Wisconsin Supreme Court Upholds Voter ID Under State Law

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[Image courtesy of teachingamericanhistory]

Yesterday, a divided Wisconsin Supreme Court upheld the state’s voter ID law against a state constitutional challenge, resolving one thread of cases but leaving the law still unenforceable due to a federal court decision. The Journal-Sentinel has more:

A divided state Supreme Court on Thursday tweaked a provision of Wisconsin’s voter ID law to put it in keeping with the state constitution, making it easier for people to get identification cards without having to pay along the way.

Despite Thursday’s rulings in two challenges of the law, the requirement to show photo identification at the polls remains blocked because a federal judge in April found Wisconsin’s voter ID law violates the U.S. Constitution and federal Voting Rights Act. That decision is now under review by the U.S. 7th Circuit Court of Appeals in Chicago.

In both cases, the Court found that the law was justified because of fraud concerns, though Rick Hasen and others argue that the Court’s evidence for that point is questionable. The Court ruled 5-2 against a challenge by the League of Women Voters, finding that voter ID did not create an additional qualification for voting in violation of the state constitution:

That case hinged on a provision of the state constitution that says people can vote if they are 18 or older, U.S. citizens and residents of Wisconsin. Beyond that, the league contended, the state constitution allows the Legislature to exclude felons and mentally incompetent people from voting but not other classes of people.

The league argued the voter ID law was unconstitutional because it created a new category of people who could not vote — those who didn’t possess the types of identification specified in the voter ID law.

But the Supreme Court determined requiring a photo ID to vote does not amount to a qualification for voting and “is a reasonable regulation that could improve and modernize election procedures, safeguard voter confidence in the outcome of elections and deter voter fraud.”

In the other case brought by the NAACP, by a 4-3 decision the Court created a “saving construction” that addresses concerns that voter ID imposes a de facto poll tax on voters:

People can get free ID cards for voting from the state, but they have to produce certified copies of their birth certificates — which cost $20 apiece in Wisconsin — to get them. The majority saw that as a problem.

“The modest fees for documents necessary to prove identity would be a severe burden on the constitutional right to vote not because they would be difficult for some to pay. Rather, they would be a severe burden because the State of Wisconsin may not enact a law that requires any elector, rich or poor, to pay a fee of any amount to a government agency as a precondition to the elector’s exercising his or her constitutional right to vote,” Justice Patience Roggensack wrote for the majority in a case brought by the Milwaukee branch of the National Association for the Advancement of Colored People.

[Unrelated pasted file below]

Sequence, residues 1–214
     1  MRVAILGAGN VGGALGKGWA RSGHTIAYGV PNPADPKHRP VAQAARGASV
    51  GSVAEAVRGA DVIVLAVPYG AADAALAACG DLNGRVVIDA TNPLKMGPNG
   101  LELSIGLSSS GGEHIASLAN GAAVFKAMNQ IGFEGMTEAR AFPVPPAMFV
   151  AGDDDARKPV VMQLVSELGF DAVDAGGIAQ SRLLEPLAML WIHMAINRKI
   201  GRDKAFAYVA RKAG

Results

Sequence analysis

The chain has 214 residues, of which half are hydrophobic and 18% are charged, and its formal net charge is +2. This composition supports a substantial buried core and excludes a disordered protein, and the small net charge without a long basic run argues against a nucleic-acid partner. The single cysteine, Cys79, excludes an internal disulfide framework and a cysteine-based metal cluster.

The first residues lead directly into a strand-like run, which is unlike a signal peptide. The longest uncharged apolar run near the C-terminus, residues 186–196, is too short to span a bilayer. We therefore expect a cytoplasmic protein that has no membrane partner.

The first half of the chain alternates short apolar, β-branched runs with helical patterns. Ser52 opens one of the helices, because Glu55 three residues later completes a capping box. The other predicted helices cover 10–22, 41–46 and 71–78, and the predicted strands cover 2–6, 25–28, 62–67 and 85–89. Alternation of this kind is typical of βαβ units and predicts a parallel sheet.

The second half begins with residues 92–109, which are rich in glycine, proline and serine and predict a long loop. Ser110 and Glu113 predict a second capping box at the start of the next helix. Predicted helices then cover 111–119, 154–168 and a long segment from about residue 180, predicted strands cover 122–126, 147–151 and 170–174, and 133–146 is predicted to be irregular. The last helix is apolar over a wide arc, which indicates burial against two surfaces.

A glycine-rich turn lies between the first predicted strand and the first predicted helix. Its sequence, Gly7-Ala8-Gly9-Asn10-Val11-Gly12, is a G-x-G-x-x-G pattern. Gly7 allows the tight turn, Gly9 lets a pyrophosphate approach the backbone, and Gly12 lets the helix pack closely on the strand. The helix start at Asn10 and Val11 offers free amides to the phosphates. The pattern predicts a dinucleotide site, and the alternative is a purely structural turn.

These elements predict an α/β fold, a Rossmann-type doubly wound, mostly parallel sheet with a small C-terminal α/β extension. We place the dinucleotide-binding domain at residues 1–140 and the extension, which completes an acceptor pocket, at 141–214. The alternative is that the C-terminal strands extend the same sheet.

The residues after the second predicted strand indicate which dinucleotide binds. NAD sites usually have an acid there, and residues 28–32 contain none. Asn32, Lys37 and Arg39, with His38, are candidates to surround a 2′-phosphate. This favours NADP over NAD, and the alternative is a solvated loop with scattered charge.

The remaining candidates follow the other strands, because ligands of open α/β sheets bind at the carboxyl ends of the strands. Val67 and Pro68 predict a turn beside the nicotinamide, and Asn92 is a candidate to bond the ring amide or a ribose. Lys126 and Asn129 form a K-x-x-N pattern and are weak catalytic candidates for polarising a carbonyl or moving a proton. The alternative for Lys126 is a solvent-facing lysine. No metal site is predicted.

To keep the law intact, the majority rewrote the state’s administrative code to require the DMV to issue photo ID without requiring a birth certificate or other documents that require fees.

“As the (U.S.) Supreme Court has explained, it is best to ‘limit the solution to the problem’ rather than enjoining the application of an entire statute due to a limited flaw,” the majority stated.

The majority left DMV administrators with some discretion on when to issue voter ID cards without birth certificates or other documents. That opens the possibility for more legal disputes.

This new approach has advocates frustrated and will almost certainly lead to more litigation on the issue:

How th[is] would work is unclear. The ruling requires the state Division of Motor Vehicles to give out IDs to those who can’t afford birth certificates and other documents, but provides no guidance to how officials could determine people are who they say they are without such documentation.

“I am confounded by that, by the saving construction, because there are no standards for how to apply it,” said Madison attorney Lester Pines, who represented the League of Women Voters of Wisconsin in one of the voter ID cases.

With the state challenges resolved (for now), all eyes turn to the appeal of the federal case, now pending in the 7th Circuit and which was recently joined by the U.S. Department of Justice, who filed an amicus brief arguing that the Wisconsin ID law violates both the Constitution and Section 2 of the Voting Rights Act. Still, the state believes its victory yesterday will help them on appeal:

State Attorney General J.B. Van Hollen, who defended the law, said he believed Thursday’s rulings strengthened his hand in the federal litigation and he would use them to try to reinstate the voter ID requirement in time for the Nov. 4 election.

In short, very little has changed: the ID law is still blocked, and both sides are prepared to fight on – likely all the way to the U.S. Supreme Court – to settle the matter.

It’s still ON, Wisconsin … stay tuned.

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